Florida has a new law that allows HOAs to evict a homeowner who’s behind on dues and lease the house to a tenant to make up for the lost money. The Bridgewater Community Association in Wesley Chapel has taken that to extremes.
Joanne McCarn says she missed a $225 dues payment in 2009 when her mother died. She claims she knew nothing about the overdue payment until recently. The HOA began tacking on late fees, attorney’s fees, and collection costs. By the time Joanne found out about her missed payment, the HOA was demanding $2,565, more than ten times the original amount. Joanne and her husband both tried to contact Association officials, who refused to talk to them.
The McCarn family had leased their home to a renter. But the HOA used the new Florida law to kick out the McCarn’s renter and put in a renter of their own. Joanne says it’s completely outrageous because the house hasn’t been foreclosed on.
“I still own this house,” she says. “The HOA changed the locks on the home and they call the sheriff if I come near the property.”
A Homeowners Association lawyer in Florida says the HOA’s actions are illegal. If so, then homeowners in the Bridgewater Association may be hit with a special assessment to cover a hefty lawsuit against the community.
For those of you wanting to make a short sale on your house, you’d better keep an eagle eye on your good old Homeowners Association. They’re starting to get pretty crafty in keeping the neighborhood operating budget full.
For homeowners who are suffering through the housing mess and living with underwater mortgages, working out a short sale might help you save some of your retirement nest egg. The banks take a well-deserved loss, but you’re happy because you’ve found a buyer and you’ve escaped your nightmare of a mortgage.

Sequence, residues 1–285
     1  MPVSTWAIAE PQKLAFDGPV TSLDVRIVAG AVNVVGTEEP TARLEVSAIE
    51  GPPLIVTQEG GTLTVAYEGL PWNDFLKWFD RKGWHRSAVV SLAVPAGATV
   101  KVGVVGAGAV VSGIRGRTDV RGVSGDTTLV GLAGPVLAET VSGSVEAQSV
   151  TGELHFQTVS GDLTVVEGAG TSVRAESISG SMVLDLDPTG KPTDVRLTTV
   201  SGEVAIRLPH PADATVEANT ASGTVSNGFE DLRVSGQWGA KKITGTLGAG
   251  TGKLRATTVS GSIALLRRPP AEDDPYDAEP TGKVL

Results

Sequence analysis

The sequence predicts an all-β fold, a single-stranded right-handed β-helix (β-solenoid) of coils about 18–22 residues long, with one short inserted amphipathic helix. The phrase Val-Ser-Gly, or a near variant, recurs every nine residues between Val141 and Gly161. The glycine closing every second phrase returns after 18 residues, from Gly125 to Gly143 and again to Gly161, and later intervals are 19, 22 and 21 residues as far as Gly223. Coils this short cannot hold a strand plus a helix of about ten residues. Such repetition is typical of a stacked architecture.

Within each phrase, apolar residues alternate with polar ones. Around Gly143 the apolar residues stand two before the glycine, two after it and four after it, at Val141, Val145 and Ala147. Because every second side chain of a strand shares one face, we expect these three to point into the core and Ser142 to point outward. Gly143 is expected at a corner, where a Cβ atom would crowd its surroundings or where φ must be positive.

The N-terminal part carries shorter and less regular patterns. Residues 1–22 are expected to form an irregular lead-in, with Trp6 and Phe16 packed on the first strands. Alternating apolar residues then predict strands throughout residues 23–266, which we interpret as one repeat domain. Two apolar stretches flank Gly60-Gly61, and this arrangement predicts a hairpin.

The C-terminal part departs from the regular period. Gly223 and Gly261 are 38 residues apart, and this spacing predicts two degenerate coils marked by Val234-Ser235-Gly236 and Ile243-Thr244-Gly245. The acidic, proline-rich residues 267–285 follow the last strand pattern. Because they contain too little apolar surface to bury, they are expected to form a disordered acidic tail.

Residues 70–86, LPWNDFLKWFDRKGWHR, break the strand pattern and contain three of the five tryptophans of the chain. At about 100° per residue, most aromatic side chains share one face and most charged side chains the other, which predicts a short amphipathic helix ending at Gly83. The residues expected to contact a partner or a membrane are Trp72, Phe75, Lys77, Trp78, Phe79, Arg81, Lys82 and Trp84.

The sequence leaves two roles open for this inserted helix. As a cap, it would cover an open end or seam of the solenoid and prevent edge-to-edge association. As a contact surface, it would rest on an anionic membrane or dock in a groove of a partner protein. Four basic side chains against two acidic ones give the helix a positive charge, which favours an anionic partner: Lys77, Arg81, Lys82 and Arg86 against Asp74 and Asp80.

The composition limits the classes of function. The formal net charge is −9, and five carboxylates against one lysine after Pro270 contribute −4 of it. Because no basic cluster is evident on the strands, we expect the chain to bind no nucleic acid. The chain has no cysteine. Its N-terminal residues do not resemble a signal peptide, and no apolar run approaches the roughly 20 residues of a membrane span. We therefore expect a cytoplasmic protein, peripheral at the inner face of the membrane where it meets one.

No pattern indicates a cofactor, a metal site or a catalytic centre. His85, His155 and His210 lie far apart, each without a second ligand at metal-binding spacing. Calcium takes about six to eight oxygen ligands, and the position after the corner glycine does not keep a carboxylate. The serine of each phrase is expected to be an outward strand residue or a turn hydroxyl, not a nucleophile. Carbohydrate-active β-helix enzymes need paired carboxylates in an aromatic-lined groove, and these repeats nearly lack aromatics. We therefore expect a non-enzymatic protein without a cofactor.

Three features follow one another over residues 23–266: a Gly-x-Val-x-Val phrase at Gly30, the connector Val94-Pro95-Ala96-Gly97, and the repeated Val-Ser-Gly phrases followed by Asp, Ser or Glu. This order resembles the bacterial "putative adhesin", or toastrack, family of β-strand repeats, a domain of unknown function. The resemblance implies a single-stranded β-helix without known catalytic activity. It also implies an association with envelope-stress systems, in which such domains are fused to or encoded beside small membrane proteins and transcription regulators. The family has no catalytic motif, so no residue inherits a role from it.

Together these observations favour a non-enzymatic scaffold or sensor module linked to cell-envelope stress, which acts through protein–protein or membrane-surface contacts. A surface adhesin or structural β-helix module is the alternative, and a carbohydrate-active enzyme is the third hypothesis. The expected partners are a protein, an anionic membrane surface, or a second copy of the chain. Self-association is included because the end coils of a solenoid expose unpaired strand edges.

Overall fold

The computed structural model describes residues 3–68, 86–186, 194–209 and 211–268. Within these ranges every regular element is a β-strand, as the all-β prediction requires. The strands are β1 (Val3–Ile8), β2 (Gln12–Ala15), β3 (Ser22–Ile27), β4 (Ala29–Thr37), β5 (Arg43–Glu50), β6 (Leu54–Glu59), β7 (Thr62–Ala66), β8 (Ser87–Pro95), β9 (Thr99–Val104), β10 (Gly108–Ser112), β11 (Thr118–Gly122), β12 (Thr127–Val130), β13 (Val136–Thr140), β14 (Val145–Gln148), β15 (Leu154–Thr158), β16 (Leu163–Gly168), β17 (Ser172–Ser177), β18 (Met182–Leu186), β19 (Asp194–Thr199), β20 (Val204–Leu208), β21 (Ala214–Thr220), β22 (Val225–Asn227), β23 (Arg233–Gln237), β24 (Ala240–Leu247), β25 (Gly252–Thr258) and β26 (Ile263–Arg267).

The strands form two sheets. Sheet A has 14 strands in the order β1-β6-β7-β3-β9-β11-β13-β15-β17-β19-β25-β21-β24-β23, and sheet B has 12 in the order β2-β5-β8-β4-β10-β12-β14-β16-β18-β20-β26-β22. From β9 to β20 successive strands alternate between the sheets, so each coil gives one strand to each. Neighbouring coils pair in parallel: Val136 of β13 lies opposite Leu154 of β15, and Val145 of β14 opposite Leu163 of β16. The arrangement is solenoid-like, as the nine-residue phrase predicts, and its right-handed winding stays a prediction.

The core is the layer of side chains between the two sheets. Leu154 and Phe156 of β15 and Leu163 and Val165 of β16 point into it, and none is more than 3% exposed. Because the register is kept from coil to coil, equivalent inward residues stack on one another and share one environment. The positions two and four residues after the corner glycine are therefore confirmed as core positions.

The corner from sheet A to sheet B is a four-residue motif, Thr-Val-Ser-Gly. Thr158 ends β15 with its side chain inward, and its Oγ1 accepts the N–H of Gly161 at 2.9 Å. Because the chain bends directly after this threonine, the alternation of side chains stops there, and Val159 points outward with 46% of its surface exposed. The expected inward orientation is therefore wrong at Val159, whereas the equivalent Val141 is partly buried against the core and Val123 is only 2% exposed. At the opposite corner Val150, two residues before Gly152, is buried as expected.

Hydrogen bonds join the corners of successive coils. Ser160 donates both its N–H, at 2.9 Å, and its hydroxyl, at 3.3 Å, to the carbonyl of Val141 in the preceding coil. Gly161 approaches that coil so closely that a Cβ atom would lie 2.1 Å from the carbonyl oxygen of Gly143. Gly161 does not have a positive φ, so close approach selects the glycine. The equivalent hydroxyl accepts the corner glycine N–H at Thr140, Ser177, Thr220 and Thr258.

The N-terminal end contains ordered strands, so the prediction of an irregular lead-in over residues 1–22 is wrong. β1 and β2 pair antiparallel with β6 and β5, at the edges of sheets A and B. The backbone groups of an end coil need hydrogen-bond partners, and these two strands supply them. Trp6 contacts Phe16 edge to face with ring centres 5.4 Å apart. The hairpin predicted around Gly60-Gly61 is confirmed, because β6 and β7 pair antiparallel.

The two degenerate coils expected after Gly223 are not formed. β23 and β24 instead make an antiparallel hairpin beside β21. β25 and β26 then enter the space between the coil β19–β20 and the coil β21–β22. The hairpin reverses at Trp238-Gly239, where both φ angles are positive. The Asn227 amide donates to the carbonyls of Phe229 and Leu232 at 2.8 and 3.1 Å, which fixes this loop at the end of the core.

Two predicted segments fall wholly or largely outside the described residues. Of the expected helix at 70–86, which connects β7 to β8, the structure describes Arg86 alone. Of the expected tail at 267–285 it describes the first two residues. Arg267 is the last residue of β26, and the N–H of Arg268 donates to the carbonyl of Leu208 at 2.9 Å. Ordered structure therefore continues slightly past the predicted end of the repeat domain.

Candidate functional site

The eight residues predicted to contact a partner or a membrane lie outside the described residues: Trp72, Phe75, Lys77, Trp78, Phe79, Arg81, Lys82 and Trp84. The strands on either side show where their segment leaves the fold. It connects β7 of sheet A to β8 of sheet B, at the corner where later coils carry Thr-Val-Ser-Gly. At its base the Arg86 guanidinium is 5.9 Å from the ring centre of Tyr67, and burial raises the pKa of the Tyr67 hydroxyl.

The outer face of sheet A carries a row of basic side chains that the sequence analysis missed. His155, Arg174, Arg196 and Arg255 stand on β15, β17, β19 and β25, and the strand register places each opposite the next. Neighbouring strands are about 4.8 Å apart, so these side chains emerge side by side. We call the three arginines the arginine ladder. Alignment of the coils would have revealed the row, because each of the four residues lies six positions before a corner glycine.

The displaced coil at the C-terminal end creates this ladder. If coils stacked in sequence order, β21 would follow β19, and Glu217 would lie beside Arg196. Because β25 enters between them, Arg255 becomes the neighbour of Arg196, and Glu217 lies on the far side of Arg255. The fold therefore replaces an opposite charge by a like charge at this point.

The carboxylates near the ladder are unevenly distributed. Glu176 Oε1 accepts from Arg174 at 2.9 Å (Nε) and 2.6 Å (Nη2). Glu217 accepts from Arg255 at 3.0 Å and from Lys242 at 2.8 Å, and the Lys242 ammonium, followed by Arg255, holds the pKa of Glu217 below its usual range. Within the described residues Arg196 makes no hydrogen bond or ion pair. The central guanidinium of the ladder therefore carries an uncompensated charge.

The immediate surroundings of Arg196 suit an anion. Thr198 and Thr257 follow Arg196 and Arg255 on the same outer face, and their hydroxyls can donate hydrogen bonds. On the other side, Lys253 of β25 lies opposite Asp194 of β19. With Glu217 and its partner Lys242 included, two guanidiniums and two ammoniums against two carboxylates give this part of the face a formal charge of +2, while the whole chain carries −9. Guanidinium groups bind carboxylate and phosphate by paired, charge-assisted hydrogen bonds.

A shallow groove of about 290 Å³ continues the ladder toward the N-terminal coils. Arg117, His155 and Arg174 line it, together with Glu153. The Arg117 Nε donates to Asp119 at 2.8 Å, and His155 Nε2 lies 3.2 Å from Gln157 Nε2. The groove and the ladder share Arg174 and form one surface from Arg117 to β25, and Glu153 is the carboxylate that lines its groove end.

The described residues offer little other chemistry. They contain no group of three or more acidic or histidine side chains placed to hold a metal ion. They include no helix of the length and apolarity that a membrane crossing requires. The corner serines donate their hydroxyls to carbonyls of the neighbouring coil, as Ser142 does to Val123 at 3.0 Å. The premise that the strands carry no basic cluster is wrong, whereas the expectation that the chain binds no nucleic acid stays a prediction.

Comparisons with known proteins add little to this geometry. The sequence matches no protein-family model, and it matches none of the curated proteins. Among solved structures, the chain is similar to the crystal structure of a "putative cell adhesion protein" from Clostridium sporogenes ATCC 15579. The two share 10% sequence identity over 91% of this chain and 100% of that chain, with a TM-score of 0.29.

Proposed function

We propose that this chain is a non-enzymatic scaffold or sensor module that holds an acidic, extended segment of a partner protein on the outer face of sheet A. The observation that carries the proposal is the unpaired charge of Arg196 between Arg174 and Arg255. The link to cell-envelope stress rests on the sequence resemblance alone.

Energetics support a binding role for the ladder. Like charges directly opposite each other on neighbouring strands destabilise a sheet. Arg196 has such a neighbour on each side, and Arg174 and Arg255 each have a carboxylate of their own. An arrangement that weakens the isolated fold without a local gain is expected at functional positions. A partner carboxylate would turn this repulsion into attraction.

One puzzle about the HOA movement is, “Why doesn’t the left or right take a stance?” Think about it. Every homeowner signs away his Constitutional rights by agreeing to join an HOA. That abrogation of rights has been upheld in multiple court decisions.
But shouldn’t the left-wing ACLU be furious about the loss of free speech rights by homeowners? Shouldn’t the right-wing Tea Party be furious with the fact that citizens have lost their ability to claim First Amendment, Second Amendment, and Fourth and Fifth Amendment protections just by joining an HOA?
One question each homebuyer should deliberate before buying a property in a homeowners association is, “Am I buying a home in Paradise, or will the HOA make my stay a living hell?”
Homeowners Associations offer promises, of course: security, clean streets, well maintained homes, nice amenities. Some new home buyers find it a positive experience. Others discover they have bought into a nightmare. Still others find their homes foreclosed upon, sometimes for the pettiest of reasons.
Here are some recent homeowner stories collected by Bankrate.com: